In training last night, we started to work a little on situational awareness. The idea is to be aware of what is going on around you, what the situation is and being in some way prepared. If you are in a bubble your awareness is limited to that bubble. I have mentioned previously that we are in fact in the midst of a zombie apocalypse. You can see them everywhere with glazed downcast eyes, the ‘phone zombies are taking over. Are you one? If so watch out for the lamppost….. Yes, that lamppost!
Although I am an “obese” middle aged man, I am also built like a brick shit house. It looks like I do weights and there is a tendency for those who do to be aware of others. In Brussels once, when I was actually doing a lot of weights, the wife and I walked past a “Turkish-looking” guy who was stacked and he “checked me out”. I explained to the wife that people who lift sometimes do that and he was perhaps making a critique in his mind. He didn’t want a fight, nor fancy me, nor did he want to rob us, he was simply making an assessment. I could easily have gotten the entire wrong end of the stick, but I am pretty sure that was all which was going on. His eyes were trained to spot, and he was perhaps in the training business. Our awarenesses only interacted for a few seconds and we had some kind of an exchange that was not hostile but yet assessing.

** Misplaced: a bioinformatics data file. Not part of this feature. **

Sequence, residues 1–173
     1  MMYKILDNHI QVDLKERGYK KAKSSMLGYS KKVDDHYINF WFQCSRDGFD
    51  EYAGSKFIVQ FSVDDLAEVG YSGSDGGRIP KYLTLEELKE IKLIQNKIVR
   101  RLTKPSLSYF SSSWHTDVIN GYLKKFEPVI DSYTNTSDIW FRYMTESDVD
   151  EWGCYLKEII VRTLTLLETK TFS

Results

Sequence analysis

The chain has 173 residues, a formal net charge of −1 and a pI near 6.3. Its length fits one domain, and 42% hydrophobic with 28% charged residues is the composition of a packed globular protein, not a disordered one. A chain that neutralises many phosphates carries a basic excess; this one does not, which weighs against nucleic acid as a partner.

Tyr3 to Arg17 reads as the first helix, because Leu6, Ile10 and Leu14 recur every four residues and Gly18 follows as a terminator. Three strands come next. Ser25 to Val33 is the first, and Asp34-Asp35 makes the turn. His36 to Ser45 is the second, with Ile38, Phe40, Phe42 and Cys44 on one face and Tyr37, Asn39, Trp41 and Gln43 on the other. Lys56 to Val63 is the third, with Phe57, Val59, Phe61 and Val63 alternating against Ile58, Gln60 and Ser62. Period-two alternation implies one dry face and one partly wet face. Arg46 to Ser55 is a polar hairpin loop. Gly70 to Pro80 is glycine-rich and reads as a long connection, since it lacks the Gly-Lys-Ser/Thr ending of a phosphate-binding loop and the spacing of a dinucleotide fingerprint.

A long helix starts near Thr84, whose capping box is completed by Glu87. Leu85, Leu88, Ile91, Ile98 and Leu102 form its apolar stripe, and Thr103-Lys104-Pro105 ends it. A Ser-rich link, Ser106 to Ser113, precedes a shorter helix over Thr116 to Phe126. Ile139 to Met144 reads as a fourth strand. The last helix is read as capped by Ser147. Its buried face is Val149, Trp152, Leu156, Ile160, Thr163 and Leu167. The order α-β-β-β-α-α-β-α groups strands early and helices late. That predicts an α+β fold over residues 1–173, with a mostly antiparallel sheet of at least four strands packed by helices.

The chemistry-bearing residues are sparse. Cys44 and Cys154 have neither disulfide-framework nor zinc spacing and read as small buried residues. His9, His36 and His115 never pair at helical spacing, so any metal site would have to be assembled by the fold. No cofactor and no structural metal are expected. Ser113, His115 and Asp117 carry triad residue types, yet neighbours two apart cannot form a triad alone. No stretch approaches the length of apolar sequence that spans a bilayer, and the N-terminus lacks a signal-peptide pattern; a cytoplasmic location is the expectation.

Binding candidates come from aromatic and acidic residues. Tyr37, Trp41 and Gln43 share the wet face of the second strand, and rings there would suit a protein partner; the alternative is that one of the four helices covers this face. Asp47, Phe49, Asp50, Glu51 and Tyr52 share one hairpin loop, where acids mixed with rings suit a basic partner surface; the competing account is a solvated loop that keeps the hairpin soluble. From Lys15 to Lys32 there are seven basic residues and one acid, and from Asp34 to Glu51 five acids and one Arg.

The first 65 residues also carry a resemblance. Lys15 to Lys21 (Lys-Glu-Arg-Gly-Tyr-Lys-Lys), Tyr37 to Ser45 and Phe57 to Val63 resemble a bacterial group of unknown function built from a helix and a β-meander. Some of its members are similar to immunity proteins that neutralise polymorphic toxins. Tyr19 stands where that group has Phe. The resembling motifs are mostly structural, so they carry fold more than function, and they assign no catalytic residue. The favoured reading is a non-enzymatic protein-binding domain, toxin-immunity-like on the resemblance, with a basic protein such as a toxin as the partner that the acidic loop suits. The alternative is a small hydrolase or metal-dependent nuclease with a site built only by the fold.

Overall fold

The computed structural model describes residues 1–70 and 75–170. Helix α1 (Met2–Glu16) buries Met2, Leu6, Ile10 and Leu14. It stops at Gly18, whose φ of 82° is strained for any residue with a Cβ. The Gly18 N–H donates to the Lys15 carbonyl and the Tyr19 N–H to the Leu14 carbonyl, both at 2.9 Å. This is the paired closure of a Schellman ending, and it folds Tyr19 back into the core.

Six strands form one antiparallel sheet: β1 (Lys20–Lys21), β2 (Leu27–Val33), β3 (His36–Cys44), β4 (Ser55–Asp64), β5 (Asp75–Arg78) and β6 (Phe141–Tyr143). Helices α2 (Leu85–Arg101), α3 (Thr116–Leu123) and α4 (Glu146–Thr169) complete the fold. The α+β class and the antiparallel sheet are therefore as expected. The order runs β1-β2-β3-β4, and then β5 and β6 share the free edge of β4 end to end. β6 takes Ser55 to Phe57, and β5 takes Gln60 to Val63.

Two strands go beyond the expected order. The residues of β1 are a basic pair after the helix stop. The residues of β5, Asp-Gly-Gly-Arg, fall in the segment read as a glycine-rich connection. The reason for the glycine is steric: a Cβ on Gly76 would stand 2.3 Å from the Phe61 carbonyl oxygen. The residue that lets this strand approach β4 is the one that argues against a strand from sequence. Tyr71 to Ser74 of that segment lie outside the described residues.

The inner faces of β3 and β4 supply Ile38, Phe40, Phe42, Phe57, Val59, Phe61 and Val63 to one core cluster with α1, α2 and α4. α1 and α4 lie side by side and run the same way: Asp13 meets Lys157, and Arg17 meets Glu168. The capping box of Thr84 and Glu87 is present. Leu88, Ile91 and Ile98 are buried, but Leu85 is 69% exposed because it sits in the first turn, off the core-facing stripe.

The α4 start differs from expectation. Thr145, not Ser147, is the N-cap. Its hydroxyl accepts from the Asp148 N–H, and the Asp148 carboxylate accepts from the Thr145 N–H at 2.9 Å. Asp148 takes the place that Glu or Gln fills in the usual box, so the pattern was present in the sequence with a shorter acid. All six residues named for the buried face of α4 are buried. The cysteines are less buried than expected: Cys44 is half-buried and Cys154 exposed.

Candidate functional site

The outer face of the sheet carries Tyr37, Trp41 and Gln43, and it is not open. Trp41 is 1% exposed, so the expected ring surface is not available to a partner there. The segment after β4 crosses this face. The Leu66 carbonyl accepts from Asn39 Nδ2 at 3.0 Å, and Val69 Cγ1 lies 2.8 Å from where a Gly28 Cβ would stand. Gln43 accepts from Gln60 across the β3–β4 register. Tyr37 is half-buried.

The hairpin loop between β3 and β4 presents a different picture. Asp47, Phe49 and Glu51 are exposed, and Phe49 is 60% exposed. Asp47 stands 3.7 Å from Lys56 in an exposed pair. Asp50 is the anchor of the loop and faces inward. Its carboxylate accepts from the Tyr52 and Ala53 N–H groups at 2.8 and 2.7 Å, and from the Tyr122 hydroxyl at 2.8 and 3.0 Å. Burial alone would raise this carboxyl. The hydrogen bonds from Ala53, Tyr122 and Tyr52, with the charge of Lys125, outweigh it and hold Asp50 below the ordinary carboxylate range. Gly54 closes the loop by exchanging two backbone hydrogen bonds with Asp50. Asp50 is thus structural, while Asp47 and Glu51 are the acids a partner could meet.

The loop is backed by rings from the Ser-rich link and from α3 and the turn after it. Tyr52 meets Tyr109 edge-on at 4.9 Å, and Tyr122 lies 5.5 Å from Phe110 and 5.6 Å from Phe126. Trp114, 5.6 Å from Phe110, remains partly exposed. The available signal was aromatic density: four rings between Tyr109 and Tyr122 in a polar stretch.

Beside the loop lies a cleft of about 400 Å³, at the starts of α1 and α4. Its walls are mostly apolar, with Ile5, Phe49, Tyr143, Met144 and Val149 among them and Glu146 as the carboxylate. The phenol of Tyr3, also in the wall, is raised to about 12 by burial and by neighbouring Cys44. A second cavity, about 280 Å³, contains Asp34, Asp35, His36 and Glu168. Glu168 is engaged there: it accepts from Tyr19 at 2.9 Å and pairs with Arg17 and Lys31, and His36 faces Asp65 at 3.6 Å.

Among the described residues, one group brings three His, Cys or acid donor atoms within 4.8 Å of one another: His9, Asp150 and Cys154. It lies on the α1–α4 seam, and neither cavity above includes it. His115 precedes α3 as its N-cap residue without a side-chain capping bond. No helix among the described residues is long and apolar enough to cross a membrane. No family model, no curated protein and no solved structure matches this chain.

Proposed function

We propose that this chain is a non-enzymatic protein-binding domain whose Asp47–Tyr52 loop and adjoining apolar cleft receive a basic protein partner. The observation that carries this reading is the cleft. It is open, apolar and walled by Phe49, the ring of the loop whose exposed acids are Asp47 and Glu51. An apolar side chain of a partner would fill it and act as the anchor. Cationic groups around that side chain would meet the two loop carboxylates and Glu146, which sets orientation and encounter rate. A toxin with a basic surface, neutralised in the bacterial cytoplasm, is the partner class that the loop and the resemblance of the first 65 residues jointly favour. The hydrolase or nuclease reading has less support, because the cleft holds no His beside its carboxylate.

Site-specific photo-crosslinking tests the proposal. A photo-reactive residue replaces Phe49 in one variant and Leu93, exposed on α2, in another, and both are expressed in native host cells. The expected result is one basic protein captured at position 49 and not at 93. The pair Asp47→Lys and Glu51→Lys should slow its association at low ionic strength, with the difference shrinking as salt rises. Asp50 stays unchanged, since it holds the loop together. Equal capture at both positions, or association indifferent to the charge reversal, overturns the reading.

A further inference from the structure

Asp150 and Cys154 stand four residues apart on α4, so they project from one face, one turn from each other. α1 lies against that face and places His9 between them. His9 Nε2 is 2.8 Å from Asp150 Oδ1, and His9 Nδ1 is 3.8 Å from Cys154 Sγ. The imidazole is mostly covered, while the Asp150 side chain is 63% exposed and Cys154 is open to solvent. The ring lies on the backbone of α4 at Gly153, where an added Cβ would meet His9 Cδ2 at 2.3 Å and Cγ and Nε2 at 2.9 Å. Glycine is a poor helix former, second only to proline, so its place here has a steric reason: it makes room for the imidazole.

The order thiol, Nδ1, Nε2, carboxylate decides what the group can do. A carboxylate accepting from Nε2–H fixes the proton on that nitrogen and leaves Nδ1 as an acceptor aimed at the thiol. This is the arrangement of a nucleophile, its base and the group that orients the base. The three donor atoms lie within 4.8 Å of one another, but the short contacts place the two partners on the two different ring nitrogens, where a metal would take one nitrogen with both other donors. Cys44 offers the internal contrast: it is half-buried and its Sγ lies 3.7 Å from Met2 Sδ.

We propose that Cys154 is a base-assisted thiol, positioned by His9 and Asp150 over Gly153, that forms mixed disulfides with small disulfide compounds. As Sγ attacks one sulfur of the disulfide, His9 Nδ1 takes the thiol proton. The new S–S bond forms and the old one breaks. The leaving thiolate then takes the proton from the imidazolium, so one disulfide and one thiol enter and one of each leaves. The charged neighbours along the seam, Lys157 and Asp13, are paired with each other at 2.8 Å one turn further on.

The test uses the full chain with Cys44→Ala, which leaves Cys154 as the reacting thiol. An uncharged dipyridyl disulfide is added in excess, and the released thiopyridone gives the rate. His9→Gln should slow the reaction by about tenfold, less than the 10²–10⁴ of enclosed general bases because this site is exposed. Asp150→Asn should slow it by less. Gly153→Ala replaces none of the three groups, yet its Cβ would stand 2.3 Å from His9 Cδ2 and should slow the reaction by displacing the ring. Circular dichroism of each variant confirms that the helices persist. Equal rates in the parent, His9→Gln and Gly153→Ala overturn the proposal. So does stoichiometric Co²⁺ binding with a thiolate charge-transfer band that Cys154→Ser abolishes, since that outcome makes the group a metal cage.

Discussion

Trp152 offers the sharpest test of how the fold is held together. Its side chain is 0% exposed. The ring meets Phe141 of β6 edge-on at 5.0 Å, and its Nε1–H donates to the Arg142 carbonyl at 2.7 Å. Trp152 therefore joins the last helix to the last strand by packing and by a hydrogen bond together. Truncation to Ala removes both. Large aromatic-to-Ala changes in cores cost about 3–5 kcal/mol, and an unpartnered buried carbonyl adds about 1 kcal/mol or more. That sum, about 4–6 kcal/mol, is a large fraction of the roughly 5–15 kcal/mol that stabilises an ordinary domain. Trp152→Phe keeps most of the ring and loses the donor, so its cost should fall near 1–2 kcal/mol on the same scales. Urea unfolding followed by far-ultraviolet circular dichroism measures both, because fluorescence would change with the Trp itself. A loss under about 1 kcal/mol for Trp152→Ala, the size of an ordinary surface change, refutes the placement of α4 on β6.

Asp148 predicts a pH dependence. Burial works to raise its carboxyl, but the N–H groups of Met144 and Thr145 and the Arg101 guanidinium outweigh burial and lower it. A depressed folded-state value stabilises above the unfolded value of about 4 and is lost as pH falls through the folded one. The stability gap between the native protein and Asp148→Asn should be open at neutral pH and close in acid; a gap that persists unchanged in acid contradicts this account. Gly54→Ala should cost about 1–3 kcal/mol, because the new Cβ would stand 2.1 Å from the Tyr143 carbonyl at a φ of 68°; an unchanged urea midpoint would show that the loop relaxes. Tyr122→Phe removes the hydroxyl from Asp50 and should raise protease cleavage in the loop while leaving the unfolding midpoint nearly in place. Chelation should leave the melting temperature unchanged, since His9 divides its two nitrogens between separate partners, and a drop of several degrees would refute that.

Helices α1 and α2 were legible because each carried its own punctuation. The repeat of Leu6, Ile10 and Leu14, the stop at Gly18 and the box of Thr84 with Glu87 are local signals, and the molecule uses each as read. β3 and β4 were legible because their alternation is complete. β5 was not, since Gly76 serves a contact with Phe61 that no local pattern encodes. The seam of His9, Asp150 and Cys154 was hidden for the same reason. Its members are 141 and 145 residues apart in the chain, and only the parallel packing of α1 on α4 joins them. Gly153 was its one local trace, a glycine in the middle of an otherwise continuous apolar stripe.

Similarly, once on Bond Street in London, where there are some very expensive jewellery shops, I had an exchange with one of the security guards. When I go into the city, I am always more alert. As I walk along I tend to scan without overly focussing. I caught the eye of the security guard and he mine. He was watching the crowd, looking for any risks. In that instant he, probably being ex-forces trained, made an assessment. He noticed that I noticed, and we exchanged a kind of unspoken “glint” if you like. Being situationally aware, he noted and decided that I was not a robber.
These are two very simple examples of situational awareness, and perception in action. Now If I look at people with the same level of awareness that interacted with the security guard, it can freak them out, but not him. They can get “scared” or at least a little agitated, without knowing exactly why. It is a little beyond their experience.
Now I have a notion that situational awareness isn’t all that high, in most. This is partly because they are not fully present in the moment. They may think that they are aware, but there may be a whole lot going on which they might be missing.
Having cued this up:
How would you rate your level of situational awareness; low, somewhere in the middle or high?
Can you shift this level of awareness?